Author Chris Tebbetts comes to Mercantile Library as it tries to attract young members

Book-reading for kids, writer workshop for teens
Author Chris Tebbetts comes to Mercantile Library as it tries to attract young members
Posted at 7:00 AM, Mar 10, 2017

CINCINNATI -- Young readers and writers will have a chance to meet author Chris Tebbetts on March 11 at the Mercantile Library, 414 Walnut St., Downtown.

The Saturday events featuring Ohio native Tebbetts, co-author of the popular novel “Middle School: Worst Years of My Life,” are part of the Mercantile Library's continued efforts to attract younger members through diverse programming, including regular yoga sessions, book discussion groups, author talks and concerts. The 182-year-old library saw a 31 percent increase in memberships last year, to the highest enrollment since World War I.

Membership, which starts at $55 a year, includes benefits such as free admission to Signature Series events and the ability to request that the library purchase a book. This winter, the library also asked some members with children for suggestions to build a collection of children's and young adult titles.

“We are sure that reading creates empathy and develops critical thinking. It makes sense to encourage it at every age and ability,” Mercantile Director John Faherty said. “We also know that younger readers become lifelong readers and, maybe, Mercantile Library members.”

Expanding programming to include children and young adults also gives library members with children another excuse to spend time at the Mercantile. In advance of Tebbetts' visit, library members Mary Curran Hackett and Abby Moran, along with their sons, Colm Hackett and Will Moran, talked with the author for the Mercantile's podcast, The 12th Story.

On March 11, Tebbetts will do a reading and book-signing for younger kids in the morning at the Mercantile. In the afternoon, he will teach a writing workshop for teens. Reservations are required for both events. Admission is $15 for nonmembers; parents get in free with their kids.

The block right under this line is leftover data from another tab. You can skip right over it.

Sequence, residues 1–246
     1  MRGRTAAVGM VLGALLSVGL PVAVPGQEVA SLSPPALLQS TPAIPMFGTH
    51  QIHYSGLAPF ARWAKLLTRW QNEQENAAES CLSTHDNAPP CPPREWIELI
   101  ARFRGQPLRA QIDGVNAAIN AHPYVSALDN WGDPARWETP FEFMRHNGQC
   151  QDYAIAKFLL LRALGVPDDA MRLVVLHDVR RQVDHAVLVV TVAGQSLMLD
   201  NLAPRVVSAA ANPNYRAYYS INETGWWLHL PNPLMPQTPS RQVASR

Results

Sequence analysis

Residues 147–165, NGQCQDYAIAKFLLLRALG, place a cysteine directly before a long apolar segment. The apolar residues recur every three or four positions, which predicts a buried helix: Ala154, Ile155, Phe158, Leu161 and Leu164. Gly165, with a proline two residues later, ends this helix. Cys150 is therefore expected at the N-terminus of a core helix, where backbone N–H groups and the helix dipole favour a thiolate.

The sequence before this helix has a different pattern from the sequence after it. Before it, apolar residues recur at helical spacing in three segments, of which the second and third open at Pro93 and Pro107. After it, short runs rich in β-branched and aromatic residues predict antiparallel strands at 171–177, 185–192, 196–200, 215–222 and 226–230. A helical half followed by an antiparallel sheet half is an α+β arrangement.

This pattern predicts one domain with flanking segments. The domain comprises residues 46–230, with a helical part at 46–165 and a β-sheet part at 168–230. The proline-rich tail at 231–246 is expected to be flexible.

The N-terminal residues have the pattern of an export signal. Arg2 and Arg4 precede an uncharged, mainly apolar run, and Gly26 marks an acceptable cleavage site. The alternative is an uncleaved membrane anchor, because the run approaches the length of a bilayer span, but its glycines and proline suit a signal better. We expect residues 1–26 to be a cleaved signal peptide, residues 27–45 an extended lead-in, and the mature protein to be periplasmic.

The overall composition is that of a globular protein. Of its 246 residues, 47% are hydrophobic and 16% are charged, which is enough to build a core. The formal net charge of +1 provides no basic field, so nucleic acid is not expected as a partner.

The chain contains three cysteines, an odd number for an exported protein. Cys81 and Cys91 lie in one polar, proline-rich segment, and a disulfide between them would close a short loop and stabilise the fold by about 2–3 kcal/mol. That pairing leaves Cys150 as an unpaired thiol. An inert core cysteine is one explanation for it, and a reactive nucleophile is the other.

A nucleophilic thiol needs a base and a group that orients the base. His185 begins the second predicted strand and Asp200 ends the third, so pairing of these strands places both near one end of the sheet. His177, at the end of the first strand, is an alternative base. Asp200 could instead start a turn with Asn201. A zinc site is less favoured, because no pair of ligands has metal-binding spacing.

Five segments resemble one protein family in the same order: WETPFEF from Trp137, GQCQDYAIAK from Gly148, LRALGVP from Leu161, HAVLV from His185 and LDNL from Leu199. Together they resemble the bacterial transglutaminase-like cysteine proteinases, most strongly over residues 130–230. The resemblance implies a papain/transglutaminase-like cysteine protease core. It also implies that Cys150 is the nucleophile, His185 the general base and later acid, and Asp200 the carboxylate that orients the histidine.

It'll be Tebbetts' first time at the Mercantile Library, though he grew up not far away, in Yellow Springs. While working in the theater industry in New York City, Tebbetts discovered that storytelling -- particularly writing books for middle grade readers -- was his real passion.

“I've never been a bigger reader than I was from third to sixth grade. I just devoured books at that age,” Tebbetts said. “So it doesn't surprise me that I'm writing for those kids. There's something incredibly charming about kids that age.”

Tebbetts also was an avid TV watcher as a kid, and that, too, informs his writing career. “Reluctant readers -- that's the audience I stumbled into.”

He co-authored the “Middle School” series with best-selling author James Patterson and has written another series, “Stranded,” with “Survivor” host Jeff Probst. The books are quick, fun reads aimed directly at kids, not their parents or teachers. The goal, Tebbetts said, is to get books to kids that they want to read, so reading becomes part of their life.

“That's something I really credit my mom with,” Tebbetts said. “She'd often say, 'There are a zillion books out there. If you don't like what you're reading, put it down and pick up something else.'”

Speaking directly to kids, making it fun, allowing their voices to be heard -- these also are the rules that guide Tebbetts' teen writing workshops.

“You don't want to condescend to them,” Tebbetts said. “If you can get them looking in an upward direction, so to speak, I think the kids really appreciate it, and they learn more.”

Tebbetts' favorite books as a kid were “James and the Giant Peach” and “Tales of a Fourth-Grade Nothing,” and he still reads a great deal of middle grade and young adult fiction. He recommended  “One Crazy Summer” by Rita Williams-Garcia and “The Passion of Dolssa” by Julie Berry.

The author is working on his own young adult novel, set to be released in the fall of 2018. Called “The Weakness of Gravity,” the book is set in Ohio.

For more information about Tebbetts' visit to the Mercantile, visit